As is hardly surprsing, the public does a better job of documenting the PDX Pop Now! festivals than we could ever do. That being the case, we hope you enjoy the podcasts, photos, videos and bloggage that other people have made available to any and all. Thanks for making things with us!
2006 Festival Press
07/31/06 Oregonian Review
07/31/06 Willamette Week Local Cut Review
07/28/06 Portland Tribune Feature
07/27/06 Portland Mercury Feature
07/26/06 Tiny Mix Tapes Story (scroll down)
07/24/06 Villains Always Blink
07/21/06 WW Local Cut on City Hall Concert
07/20/06 WW Local Cut on Festival Schedule
07/17/06 WW Local Cut on Lineup
07/06/06 CMJ Story
07/05/06 Pitchfork Story
06/30/06 Gorilla vs. Bear
06/30/06 Largehearted Boy
05/09/06 Portland Mercury Interview
2005 Festival Press
08/15/05 Tiny Mix Tapes Recap (scroll down)
08/12/05 Oregonian Recap
08/10/05 Willamette Week Recap
08/05/05 Oregonian Mention (scroll down)
07/28/05 Tiny Mix Tapes
06/23/05 Portland Mercury
03/17/05 Portland Mercury
CORTNEY HARDING, Portland Tribune
Several recent compilations have attempted to showcase the local music scene. While none of them fully encompasses all the styles of Portland music, the second PDX Pop compilation does a great job demonstrating that the city has a vibrant pop scene.
With two CDs and 41 songs, there is something for every taste. The first CD kicks off with Sleater-Kinney’s aptly titled “Rollercoaster,” and demonstrates that the band is on top of the world for a reason. Mirah slows things down a few tracks later with a home-recorded version of “While We Have the Sun,” while Nice Nice speeds things up with “Uh-Oh.”
Other CD-1 highlights include Glass Candy’s sexy, spastic dance track “Lovin Machine,” the glitchy “Just Expect” by Copy and Talkdemonic’s beautiful “Mountaintops in Caves.” The CD closes with “Chemical Reaction,” by the Spooky Dance Band, and reminds us again what great talents were lost in a bike accident in 2003.
The second CD features more big name acts, among them the Decemberists, the Gossip and M Ward. While all provide stellar tracks, it’s the farm-league contenders who’ll really blow listeners away. The Snuggle Ups bounce around the room, while the Cajun Gems sit on the porch and twang. Die Monitr Batss create chaos. Norfolk and Western soothe.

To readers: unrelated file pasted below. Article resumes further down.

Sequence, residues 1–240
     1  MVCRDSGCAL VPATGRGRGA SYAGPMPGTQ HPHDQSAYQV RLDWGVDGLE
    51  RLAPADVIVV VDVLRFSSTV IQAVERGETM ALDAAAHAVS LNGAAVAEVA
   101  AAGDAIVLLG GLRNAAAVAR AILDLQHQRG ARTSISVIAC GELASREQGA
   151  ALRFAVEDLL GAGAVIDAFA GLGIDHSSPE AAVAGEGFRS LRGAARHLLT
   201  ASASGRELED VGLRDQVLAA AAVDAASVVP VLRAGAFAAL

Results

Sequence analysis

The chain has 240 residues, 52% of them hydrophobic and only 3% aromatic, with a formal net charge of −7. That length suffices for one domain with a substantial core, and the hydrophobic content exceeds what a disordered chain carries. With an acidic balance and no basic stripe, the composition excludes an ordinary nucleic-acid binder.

This compilation is by no means a definitive guide to Portland music, but it’s a good starting place for curious listeners. Give it a spin and find a new favorite band — many of which will perform at the PDX Pop Now! Festival this weekend.
KIP BERMAN, Portland Mercury
Compilations are, by their very nature, uneven affairs – meant more to showcase a variety of artists than offer a cohesive listen. That said, PDX Pop Now!’s sophomore offering is just as much a success as last year’s debut. Sure, hiphop and Klezmer are equally represented (one track a piece), and yes (surprise!), there’s an overabundance of whiny dudes with four tracks in their bedroom. But hey—that’s Portland. The good folks who put out this comp and organize the PDX Pop Now! festival have their hearts and ears in the right place. Listening to the standout contributions from such diverse artists as Dolorean, The Gossip, Glass Candy (Miami Pop Now!?), Point Line Plane, Viva Voce, The Snuggle Ups, M. Ward, Wet Confetti, and The Helio Sequence remind me what a fantastically creative and vibrant music scene we are lucky enough to have in our own backyard.
MARK BAUMGARTEN, Willamette Week
Served on two discs, this collection offers a snapshot of a music scene that’s about more than just “pop,” that percussive palindrome that points to music meant to be consumed en masse. The compilation leaves out much of Portland’s music community: mostly, the musicians working within the boundaries of genres like country, jazz, gospel, old time, metal and, save one song, hip-hop. Instead, the collection focuses on the city’s forward-looking musicians, artists who are interested in reforming the templates of popular music, using new and old tools to create something fiercely original. These are many of the artists who are creating the framework for a scene that is uniquely Portland in both its geography and its form. But what is that form?
Well, it includes women, as the PDX Pop Now! compilation features a dozen female-fronted bands, from the angry (the Gossip, Sleater-Kinney) to the kind (Mirah) to the undeniably rad (the Blow, LKN). It also has an isolationist streak, as nearly half the acts included here opt to work the one- or two-person-band route while making music that reinvents the sound palette (Nice Nice, Talkdemonic, Y.A.C.H.T.) or reimagines tradition (Dolorean, Alan Singley, Jessica Jones).
And I have no idea what that means for the scene, except that it sounds great and, jokes aside, sounds like Portland-a sweeping geographical generalization that I’m willing to claim.